Isabelle Adjani, Sam Neill @ Possession (Andrzej Żuławski, 1981

Possession is a film about how division; division of two people who seem to be at odds and have fallen out of love for one another amidst the middle of the Berlin Wall, a division of communication between a couple and the affair that has brought them down as well as a division of body and state. Possession is about the breaking point between a couple as they’re in the very early stages of a divorce. They both have simply fallen out of love with one another and have started sleeping with other people, mainly Isabelle Adjani’s Anna. As Sam Neil’s Mark understands the situation unfolds, the more angry and sickly he becomes. There are points where he will look like he has not eaten in days and looks incredibly pale-skinned. There is a moment throughout the first 25 minutes where Neil is having a seizure in a cold sweat.

While Possession is a body horror in terms of visual effects, its a body horror from the performances given. We see both of the films leads reach sadistic and stomach-churning when it ocmes to range. The first half being dedicated to Sam Neil’s perspective of the situation and how he is treating himself during this change, where he goes from calm to physically abusive. Then as the story unfolds, Żuławski pays more attention to Adjani’s Anna, as an audiences we are opening the curtain to what she has been up to when the camera is not focused on her. The camera work works in one takes with very abrupt takes in its editing. Żuławski wants everything to feel like one fluid motion rather than have multiple takes for one single scene. The subway scene in particular roughly has about two-three takes and you do not evne notice because of how hypnotized you are to Adjani’s otherworldly performance. I am treading lightly on the plot due ot the genius of this film is to go in knowing nothing.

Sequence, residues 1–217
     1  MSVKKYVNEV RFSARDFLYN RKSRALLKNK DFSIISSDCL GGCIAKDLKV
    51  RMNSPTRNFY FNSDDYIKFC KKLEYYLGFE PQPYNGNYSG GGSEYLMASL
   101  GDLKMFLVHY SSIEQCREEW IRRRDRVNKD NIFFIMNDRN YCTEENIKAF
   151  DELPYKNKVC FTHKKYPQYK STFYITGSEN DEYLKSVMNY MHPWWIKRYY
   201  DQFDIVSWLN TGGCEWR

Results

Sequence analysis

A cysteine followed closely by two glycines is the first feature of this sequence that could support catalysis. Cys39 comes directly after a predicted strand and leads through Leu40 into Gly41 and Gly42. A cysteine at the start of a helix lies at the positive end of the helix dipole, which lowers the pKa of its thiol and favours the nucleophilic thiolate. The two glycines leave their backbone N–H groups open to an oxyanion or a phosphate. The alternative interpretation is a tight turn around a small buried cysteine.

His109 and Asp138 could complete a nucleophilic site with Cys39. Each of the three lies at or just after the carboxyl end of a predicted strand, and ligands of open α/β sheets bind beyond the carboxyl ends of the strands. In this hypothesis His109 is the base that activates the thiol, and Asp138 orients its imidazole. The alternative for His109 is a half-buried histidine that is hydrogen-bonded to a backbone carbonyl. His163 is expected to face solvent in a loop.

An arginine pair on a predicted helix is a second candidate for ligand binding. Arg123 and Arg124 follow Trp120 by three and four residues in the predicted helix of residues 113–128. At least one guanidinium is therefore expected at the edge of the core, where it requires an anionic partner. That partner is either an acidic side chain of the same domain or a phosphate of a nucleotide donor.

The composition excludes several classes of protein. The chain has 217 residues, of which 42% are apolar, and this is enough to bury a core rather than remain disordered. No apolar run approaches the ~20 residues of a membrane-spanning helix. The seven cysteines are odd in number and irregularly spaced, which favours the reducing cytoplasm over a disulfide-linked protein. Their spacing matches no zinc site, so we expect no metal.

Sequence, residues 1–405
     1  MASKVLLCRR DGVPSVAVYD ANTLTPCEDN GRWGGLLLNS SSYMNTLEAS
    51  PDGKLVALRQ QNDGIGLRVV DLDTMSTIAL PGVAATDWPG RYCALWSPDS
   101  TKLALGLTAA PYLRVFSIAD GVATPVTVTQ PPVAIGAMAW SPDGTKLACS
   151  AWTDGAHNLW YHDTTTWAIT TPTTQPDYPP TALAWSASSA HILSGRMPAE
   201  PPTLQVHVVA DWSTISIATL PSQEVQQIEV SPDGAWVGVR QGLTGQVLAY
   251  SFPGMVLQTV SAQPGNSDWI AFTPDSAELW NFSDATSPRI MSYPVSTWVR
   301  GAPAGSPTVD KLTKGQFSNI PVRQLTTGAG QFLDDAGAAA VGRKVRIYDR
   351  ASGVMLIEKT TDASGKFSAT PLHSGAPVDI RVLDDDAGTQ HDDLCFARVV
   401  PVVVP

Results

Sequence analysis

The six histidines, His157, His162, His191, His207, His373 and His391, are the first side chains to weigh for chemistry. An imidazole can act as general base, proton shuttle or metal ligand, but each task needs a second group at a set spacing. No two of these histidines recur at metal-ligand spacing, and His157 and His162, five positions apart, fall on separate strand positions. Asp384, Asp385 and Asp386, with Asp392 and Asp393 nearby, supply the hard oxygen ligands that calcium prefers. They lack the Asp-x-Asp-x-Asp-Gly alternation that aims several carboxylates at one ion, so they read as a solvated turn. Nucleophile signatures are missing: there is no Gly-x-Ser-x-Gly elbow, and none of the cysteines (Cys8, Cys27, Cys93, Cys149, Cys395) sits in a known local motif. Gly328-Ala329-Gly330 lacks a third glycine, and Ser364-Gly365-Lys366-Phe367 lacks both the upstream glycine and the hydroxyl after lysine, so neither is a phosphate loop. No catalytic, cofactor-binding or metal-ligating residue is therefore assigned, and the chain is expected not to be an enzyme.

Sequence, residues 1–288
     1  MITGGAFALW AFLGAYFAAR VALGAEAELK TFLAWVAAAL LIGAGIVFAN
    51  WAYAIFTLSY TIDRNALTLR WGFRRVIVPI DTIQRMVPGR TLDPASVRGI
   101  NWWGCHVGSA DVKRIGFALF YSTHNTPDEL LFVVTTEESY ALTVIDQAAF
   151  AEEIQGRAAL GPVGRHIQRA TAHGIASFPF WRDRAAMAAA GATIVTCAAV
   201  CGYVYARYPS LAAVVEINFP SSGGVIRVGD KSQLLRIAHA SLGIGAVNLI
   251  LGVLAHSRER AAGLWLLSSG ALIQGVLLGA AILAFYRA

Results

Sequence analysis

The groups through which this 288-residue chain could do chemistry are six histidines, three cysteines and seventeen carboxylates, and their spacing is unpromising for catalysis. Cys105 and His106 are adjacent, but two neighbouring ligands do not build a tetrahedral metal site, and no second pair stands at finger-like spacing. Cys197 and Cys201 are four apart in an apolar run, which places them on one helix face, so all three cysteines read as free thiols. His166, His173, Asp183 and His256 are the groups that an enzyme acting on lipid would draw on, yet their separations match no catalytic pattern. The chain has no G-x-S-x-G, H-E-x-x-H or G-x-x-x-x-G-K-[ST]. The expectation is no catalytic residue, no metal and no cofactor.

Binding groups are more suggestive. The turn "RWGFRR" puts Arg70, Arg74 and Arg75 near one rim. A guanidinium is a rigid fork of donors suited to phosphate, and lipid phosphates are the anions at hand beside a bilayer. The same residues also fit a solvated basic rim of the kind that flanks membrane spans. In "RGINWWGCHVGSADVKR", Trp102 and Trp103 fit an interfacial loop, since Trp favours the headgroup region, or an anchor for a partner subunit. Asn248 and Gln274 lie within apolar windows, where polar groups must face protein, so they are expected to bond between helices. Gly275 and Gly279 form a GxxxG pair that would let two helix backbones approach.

Isabelle Adjani, Sam Neill @ Possession (Andrzej Żuławski, 1981

Possession is one of those horror films that were lost in time but recently have been gaining a resurgence through word of mouth and many clamoring for a Criterion blu-ray release, and for good reason. Possession includes some of the best performances I have ever witnessed with direction that is unpredictable and keeps the audience on the edge of their seats. If there is one restoration you should have eyes on it is this one.

Restoration Review

Possession not only is a wonderful film but is also one of the best restorations I have seen recently. Metrograph elevates the horror film and at times looks like it was made from the last decade. The stark blue color pallette shines due to how cold and emotionally distant the characters are. The sound design is wonderful, every whisper is heard and understood, every scream feels like a scare, every tension-building moment plays like gangbusters. This is one restoration you do not want to miss especially for cult-genre fans.

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HORROR

Stranger Things | Season 4 – Official Trailer

The upcoming fourth season of the American science fiction horror drama television series Stranger Things, titled Stranger Things 4, is scheduled to be released worldwide exclusively via Netflix’s streaming service in 2022.

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Genre:

Horror, Sci-fi

Release Date:

2022

Director:

Netflix

Cast:

Millie Bobby Brown, David Harbour, Gaten Matarazzo, Natalia Dyer

Plot Summary:

The upcoming fourth season of the American science fiction horror drama television series Stranger Things, titled Stranger Things 4, is scheduled to be released worldwide exclusively via Netflix’s streaming service in 2022.